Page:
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MSD 8.5mm Super Conductor Black Spark Plug Wires performed the best. Hmm, I thought NGK would come out on top.
 

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they didn't test Nology...i've heard the best reviews for them, but they do cost considerably more than MSD wires...
 

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yea i was wondering how the nology hotwires would do, i've always heard they were the best, its to bad they didn't test them.
 

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The largest difference between them was only 4whp? I would say thats easily in the realm of dyno inconsistancy. I have herd of cars making 5whp difference with out any changes, with the same water temp, oil temp, back to back.
 

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That's exactly what I thought. Too many veriables. You would have different #'s with the same wires on there through all the tests.
 

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The MSD have the least resistance, which would means more Amps for the spark.

And as far as Nology wire, I had then 2 times and both times the wires thenself pulled out when you pulled them off the spark plug. New I have the MSD wires.
 

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Discussion Starter · #10 ·
I didn't figure the difference would be noticeable on a dyno, but it looks like that's about as close as we will get to weeding out all the crap from facts. Wires are a waste of money anyway, unless you plan on installing the whole MSD package or another similar setup.
 

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Resistance versus Performance
There is a great perception in the performance community that the lower the measured resistance of a wire than the higher the performance that the wire will deliver. As the results of our test show, this is not a true statement. The performance output of the engine was not a direct function of spark plug wire resistance. In fact, the used stock wire with the highest resistance outperformed one of the lower-resistance aftermarket wires. The bottom line is that spark plug wire resistance is really a marketing tool rather than a purchasing consideration.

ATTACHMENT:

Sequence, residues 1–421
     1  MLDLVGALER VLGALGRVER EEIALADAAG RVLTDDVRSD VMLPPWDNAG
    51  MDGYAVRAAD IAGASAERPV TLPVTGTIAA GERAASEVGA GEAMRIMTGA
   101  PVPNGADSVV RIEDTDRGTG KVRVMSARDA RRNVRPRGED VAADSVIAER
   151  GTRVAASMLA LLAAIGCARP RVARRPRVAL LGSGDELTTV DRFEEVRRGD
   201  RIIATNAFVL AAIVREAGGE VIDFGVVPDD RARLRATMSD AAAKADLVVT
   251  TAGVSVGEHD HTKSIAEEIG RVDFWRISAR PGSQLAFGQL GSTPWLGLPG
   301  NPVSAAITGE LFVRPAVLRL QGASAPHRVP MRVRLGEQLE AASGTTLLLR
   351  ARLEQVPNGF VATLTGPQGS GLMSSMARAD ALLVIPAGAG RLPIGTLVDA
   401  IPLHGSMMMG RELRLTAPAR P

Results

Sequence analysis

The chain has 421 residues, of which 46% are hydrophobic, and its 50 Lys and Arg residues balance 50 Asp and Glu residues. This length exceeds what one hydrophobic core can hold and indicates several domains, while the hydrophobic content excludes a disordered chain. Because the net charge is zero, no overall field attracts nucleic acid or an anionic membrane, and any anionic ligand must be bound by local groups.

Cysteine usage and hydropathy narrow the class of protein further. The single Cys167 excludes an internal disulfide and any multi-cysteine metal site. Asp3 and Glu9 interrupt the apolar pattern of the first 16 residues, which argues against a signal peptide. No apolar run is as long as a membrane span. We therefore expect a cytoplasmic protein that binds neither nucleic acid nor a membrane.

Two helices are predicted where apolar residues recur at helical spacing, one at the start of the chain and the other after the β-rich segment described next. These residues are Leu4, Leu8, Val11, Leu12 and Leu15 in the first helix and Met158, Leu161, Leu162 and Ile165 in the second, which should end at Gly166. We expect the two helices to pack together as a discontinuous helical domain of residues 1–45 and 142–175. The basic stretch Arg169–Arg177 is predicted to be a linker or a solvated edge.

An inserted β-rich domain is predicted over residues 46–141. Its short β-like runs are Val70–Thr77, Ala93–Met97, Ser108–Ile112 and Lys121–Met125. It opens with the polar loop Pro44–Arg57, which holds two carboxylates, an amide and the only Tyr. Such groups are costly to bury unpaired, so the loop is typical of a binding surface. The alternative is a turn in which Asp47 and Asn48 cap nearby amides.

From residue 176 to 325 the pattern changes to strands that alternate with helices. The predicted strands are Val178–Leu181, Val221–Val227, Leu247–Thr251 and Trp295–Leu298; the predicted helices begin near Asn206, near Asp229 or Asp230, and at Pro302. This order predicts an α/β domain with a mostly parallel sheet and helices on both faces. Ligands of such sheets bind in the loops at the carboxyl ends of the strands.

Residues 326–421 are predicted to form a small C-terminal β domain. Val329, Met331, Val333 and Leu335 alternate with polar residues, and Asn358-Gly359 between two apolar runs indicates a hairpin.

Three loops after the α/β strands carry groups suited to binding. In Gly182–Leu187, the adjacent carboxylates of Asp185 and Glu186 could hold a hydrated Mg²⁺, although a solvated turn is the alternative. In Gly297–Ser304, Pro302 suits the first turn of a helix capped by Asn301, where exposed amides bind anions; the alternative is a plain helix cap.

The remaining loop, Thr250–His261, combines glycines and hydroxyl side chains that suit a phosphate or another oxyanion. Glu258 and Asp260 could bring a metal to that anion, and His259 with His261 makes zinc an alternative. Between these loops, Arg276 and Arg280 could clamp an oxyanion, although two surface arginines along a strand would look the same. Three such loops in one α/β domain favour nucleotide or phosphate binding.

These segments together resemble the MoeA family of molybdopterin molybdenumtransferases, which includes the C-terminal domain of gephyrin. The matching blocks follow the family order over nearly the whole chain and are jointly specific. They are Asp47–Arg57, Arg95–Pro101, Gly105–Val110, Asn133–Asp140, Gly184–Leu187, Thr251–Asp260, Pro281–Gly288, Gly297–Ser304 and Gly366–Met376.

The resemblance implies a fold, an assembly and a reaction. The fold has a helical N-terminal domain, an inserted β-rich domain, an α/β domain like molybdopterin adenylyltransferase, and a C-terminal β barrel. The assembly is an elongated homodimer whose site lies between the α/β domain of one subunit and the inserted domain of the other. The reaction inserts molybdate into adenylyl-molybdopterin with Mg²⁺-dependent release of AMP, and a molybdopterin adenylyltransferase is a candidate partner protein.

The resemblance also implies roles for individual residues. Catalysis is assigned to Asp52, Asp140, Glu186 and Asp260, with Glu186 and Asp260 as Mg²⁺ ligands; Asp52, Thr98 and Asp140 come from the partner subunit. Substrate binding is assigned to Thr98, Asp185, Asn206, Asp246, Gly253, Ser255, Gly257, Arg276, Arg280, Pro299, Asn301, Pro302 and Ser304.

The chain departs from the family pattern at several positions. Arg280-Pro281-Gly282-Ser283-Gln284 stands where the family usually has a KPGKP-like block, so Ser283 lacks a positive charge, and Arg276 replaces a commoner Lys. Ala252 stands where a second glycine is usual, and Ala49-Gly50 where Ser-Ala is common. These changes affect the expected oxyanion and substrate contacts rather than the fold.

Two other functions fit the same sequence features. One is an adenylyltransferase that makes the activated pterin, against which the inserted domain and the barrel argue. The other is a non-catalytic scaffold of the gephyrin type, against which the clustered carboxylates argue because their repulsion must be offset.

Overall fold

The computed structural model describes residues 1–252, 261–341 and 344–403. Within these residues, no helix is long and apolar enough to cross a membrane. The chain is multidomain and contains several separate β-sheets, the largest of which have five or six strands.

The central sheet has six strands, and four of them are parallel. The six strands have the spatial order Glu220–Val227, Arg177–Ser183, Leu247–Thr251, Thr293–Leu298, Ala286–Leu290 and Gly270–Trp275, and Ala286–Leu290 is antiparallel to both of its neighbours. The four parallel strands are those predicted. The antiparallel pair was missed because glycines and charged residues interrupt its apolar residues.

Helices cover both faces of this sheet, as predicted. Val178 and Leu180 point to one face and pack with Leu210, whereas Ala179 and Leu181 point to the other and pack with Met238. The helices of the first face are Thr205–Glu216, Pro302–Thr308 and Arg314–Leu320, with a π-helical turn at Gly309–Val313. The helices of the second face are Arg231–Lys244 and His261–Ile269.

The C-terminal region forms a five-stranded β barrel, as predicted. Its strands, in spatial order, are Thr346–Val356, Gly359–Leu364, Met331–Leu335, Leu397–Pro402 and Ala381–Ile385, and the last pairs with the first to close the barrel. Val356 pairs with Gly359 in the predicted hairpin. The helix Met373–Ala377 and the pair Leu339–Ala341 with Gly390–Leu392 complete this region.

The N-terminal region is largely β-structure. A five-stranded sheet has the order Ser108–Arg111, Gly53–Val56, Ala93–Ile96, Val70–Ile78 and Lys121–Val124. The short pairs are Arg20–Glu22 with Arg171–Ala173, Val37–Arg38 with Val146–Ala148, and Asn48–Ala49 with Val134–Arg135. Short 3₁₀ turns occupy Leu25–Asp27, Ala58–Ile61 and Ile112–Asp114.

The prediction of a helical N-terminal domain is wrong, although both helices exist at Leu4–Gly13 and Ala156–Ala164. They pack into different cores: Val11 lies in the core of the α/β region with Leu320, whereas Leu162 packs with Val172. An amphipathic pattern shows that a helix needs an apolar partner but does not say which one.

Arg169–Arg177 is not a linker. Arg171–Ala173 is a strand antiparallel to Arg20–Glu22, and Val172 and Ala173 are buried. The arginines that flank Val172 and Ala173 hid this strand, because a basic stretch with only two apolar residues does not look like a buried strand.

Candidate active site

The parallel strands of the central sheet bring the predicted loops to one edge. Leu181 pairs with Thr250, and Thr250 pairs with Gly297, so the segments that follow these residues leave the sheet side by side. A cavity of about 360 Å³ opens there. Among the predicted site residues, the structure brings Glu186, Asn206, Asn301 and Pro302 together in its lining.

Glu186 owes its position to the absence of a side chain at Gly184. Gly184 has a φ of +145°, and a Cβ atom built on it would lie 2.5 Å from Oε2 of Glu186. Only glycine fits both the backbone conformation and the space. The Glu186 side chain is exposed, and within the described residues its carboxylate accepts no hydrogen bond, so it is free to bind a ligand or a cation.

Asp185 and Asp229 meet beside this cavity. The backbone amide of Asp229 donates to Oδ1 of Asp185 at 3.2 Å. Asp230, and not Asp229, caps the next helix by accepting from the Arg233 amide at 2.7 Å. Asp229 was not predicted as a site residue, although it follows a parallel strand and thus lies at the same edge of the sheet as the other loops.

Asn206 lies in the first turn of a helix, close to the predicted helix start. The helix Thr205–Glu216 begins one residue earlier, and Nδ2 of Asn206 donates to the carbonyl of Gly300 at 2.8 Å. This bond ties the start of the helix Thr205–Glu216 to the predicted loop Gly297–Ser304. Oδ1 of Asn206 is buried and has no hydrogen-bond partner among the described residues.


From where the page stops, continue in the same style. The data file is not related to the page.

So what was the point of the exercise if you read the highlighted red from their article? None. tehre was no point. TPR compared resistance. Big whoop. Even the TPR guys know it and said it. Read the red bolded sentence THEY wrote.

secondly, note that this was tested in a . This 1991 Honda Civic has been the recipient of a JDM B16 engine swap and a DRAG turbo system.

the bottomline i/h/c/e and most N/A do NOT need or benefit from anyone spending (WASTING) money on these.
 

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MD, do you think maybe since it was an FI b16 that an ignition system or fancy spark plug wires would make a difference more so on a FI car than a NA?
 

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ignition systems prevent engine power loss. they don't gain power.

the idea that more spark energy is needed or less resistance is needed to GAIN power is from the people getting brainwashed by the marketing without ANY critically thinking.

when I had this discussion with Russ Collins (RC Engineering) as a noob, he informed me that the stock igniton system is actually making enough spark energy to cover for 350-400 hp and doesn't need assistance until you get into high high cylinder pressures (usually boost but some people ran 13.5-14:1 N/A).

we already covered the BS about resistance.

the next marketing ploy is high rpm precision and recovery time. capcitive discharge is marketed as delivering consistent sparks with short recovery times at higher rpms. Yet even at 11,000 rpm, the stock system doesn't stutter and misfire if you use the proper sparkplug heat range and gap. The only time you LOSE power is when the cylinder pressures are so high that they do impede spark travel and cause misfire or incomplete burning. But you don't reach for the ignition upgrade until you've shown that your plug is the right one at the right gap first.


so why do people get sucked in?


pure and simple: Barnum said it -> there's one born every minute.
 

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Glad I saw this, I was about to dump some cash into plug wires...

What about plugs? Iridium vs. whatever? Does it mean anything or just increase shelf life?
 

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cluelessmale on Mar/18/04 said:
The MSD have the least resistance, which would means more Amps for the spark.
voltage controls spark intensity, not amperage. the amperage is actually pretty low in the secondary side of the ignition system.
 

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i dont know alot about wires, all i know is i have the thickest wires ever Magnecore 10mm wires
 

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I'm glad I didn't cough up too much money for these bling-bling brand name wires - I paid $60 for Honda OEM for my GSR to replace some crappy aftermarket ones and they fit perfectly - I always knew that aftermarket ignition systems are just a waste of hard earned money.
 
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